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Innovation is key to becoming a 'people-centric' business

Innovation is key to becoming a 'people-centric' business

By Chris Beswick, innovation, strategy and leadership expert

Putting customers at the heart of your business through the products that you offer; the marketing with which you promote them, or the methods you use to retain customers requires an innovative culture that has to start with your people.

Your customer’s voice must be clearly heard in your organisation every day in order for your business to create a non-siloed, problem solving, innovative culture that has the agility to react rather than be immobilised as in the traditional product-orientated or sales culture.

Over the past decade I haven’t met many managing directors or CEOs who haven’t thought that their company was already customer-centric. I’ve been preached to time and time again about how “we know what products and services our customers like and we even know what they want us to improve upon and which of our new products they like”.

It is at this point I usually smile and politely respond; “I rest my case. Haven’t you’ve just told me all about your ‘stuff’ and nothing about your customer?” At this point, the realisation that there’s a lack of something I call ‘organisational self-awareness’ usually kicks in. They realise that it’s not good enough to ask customers occasional questions but that it is a necessity to engage in constant dialogue to develop a ‘relationship’ with them.

Being truly customer-centric is not about showing them what you’ve got and asking them if they like it. It is about looking at the world from their perspective and appreciating the problems they face and the things they aspire to. Without this insight, it is likely that what you do is more about what is best for your organisation rather than your customer. It’s the: “here’s what we have, how can we sell it to you” approach instead of the: “here’s what we know you want, so please form an orderly queue” approach.

When you know your customers, and I mean really know your customers, you’ll start to focus on solving their problems and tensions, and when you go beyond selling products and start solving problems you start to fuel innovation and differentiation. Why? Because, in the modern fast paced commoditised world we operate in, it is no longer about “what you do”, it’s about “how you do it”. Your competitors can copy products along with everyone else but they will not be able to do it like you do.

When you start to push forward in this way you shift your customers buying decision from the head to the heart. You are now solving problems and its changes your relationship with your customer because it is more than just transactional.

There are two points when customers talk about your business. The first is at the very bottom of the scale, when you’re pretty “poor” at what you do and, unfortunately, our customers will let everyone know about it. In the middle sits “good” but no one really mentions this as “good” has become the new “average”. At the other end of my scale is “exceptional” and this is the second point where people talk. At this level, the talk is of brand loyalty, recommendation and constant endorsement.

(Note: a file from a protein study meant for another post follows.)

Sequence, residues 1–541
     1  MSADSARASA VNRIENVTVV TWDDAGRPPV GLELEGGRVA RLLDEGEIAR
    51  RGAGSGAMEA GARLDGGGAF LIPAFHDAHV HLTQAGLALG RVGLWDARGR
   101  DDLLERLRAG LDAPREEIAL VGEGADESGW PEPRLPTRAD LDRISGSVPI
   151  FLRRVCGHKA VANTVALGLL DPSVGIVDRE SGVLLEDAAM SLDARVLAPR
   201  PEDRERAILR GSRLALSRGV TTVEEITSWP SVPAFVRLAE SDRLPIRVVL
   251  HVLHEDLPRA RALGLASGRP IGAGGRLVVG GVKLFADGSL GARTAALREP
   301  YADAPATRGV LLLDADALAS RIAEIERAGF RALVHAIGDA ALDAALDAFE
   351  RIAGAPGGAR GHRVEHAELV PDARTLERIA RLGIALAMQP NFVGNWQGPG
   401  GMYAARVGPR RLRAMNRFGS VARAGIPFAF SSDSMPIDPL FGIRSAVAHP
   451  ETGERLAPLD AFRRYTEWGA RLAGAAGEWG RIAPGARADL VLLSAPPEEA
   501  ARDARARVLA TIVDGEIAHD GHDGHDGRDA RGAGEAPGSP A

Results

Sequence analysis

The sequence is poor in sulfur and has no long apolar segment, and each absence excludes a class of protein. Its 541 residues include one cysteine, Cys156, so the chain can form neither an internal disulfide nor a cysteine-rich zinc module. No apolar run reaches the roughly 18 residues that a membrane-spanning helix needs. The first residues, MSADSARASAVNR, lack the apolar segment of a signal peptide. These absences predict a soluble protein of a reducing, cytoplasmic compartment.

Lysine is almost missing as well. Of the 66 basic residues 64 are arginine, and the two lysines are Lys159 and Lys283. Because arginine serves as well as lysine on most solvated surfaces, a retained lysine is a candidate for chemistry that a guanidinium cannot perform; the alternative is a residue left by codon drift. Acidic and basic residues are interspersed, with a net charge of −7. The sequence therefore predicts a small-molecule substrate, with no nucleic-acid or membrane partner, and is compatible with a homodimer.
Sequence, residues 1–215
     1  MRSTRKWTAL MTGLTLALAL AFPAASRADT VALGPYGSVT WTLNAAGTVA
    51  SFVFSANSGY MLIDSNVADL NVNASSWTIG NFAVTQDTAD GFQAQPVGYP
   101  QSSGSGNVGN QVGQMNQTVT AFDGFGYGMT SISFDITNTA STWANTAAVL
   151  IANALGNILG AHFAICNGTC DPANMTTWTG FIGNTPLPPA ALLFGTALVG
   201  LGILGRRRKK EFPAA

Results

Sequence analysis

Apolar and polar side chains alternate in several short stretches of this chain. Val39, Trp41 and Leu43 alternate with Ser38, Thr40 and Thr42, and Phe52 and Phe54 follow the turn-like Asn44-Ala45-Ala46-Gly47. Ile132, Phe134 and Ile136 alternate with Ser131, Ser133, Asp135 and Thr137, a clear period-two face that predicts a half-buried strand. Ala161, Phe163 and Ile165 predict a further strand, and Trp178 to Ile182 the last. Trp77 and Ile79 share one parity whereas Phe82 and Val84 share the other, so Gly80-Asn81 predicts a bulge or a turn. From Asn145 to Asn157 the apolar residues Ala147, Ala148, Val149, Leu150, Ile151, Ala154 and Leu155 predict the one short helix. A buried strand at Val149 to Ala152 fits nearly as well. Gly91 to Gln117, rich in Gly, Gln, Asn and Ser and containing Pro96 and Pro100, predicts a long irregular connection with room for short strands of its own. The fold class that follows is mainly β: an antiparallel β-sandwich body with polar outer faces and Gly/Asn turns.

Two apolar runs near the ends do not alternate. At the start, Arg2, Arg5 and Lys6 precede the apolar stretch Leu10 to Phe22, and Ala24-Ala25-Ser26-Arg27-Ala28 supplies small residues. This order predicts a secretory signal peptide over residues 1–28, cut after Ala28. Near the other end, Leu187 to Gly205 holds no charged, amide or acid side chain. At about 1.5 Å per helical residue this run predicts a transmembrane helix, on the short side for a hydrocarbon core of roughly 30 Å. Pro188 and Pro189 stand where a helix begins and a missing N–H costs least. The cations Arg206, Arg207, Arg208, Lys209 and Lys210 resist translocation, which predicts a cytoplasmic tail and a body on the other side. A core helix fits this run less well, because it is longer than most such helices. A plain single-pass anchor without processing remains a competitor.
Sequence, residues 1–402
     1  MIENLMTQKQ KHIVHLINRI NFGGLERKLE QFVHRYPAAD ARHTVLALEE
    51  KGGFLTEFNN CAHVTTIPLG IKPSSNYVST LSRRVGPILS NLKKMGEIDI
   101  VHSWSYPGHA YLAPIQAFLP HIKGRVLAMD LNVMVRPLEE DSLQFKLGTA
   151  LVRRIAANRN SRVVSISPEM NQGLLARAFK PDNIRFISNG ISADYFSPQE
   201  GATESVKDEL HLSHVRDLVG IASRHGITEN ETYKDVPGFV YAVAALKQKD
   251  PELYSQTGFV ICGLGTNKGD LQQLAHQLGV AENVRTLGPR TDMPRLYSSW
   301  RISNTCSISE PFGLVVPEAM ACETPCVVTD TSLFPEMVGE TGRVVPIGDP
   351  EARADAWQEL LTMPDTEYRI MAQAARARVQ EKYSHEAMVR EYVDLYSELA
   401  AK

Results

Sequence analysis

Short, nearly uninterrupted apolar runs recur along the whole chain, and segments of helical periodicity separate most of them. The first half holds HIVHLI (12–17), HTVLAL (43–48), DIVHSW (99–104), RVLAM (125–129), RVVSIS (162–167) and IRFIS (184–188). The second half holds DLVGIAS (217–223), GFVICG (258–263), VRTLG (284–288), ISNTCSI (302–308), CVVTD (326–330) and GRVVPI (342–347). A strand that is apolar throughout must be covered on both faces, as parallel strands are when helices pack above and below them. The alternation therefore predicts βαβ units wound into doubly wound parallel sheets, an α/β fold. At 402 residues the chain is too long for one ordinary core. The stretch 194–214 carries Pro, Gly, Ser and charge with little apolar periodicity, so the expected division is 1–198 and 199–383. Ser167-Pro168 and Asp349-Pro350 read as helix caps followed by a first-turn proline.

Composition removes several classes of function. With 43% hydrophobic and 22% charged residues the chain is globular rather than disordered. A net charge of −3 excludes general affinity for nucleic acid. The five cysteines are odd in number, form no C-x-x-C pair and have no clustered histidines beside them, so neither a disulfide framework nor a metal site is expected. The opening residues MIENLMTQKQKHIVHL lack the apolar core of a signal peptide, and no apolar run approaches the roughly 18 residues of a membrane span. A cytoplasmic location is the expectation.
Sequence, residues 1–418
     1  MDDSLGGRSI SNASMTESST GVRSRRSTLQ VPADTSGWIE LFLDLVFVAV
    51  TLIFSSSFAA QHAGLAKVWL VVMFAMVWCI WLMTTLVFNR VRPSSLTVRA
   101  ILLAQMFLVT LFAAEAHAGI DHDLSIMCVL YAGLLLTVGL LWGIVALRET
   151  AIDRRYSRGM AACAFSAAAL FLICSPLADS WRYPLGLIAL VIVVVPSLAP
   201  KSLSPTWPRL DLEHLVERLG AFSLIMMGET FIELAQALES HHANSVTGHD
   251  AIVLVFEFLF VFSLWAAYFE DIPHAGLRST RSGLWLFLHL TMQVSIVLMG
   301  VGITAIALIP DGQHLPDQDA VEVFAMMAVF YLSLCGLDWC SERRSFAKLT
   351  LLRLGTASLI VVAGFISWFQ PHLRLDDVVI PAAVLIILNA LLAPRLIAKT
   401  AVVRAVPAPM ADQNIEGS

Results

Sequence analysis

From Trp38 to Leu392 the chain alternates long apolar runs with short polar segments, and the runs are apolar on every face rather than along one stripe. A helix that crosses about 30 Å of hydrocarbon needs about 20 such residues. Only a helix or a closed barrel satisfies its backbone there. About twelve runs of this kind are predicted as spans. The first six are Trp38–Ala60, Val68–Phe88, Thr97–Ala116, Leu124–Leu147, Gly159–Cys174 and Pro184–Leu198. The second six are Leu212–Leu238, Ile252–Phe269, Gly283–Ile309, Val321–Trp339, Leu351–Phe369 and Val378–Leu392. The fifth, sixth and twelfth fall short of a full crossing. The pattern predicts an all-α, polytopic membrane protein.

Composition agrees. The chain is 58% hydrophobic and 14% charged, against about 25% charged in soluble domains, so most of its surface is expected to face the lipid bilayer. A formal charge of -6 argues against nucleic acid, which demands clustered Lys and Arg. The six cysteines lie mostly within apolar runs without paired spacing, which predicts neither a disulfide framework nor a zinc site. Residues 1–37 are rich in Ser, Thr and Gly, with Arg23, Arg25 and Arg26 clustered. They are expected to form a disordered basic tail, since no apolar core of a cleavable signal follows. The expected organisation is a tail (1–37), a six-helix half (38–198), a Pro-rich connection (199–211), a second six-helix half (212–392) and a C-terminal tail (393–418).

The difference between a customer who is “unsatisfied” or merely “indifferent” isn’t that great.  On the other hand, the customer that camps outside your flagship store ahead of a product launch does so not just for the product but because your organisation is “exceptional”.

The customer-centric organisations that differentiate do so because they understand the symbiotic relationship they have with their customers. They understand that customers provide them with problems and the organisation’s purpose is to solve them. The benefits for both are obvious but should be not the primary focus.

What they have done in adopting this strategic mindset is moved beyond the traditional lip service or, at best, superficial attempt at customer focus and, instead, they have orientated their business model around a different perspective. However, this means creating a different organisational approach to how you do what you do as it also involves being what I call “people-centric”. Striking the right balance between customer pleasure and shareholder return will always, always be done through your people. Whatever you think there’s absolutely no way to circumnavigate the journey to “customer centricity” without first becoming people-centric.

To do this, everyone in your organisation needs to understand how to collaborate on solving your customers’ problems in order for you to provide an exceptional end-to-end customer experience So, in the same way your customers aren’t ‘transactions’, your people are not ‘resources’.

Create a true relationship with your employees and inspire them to be exceptional. Then passionately forge a relationship with your customers by replacing products with solutions as the fundamental part of your value proposition. Differentiation, innovation and shareholder return will be your natural by-products.

Chris Beswick is speaking at UTalkMarketing's MI Expo on April 7 at London's Delfina. Click here to hear more from Chris and get your ticket.

AJR

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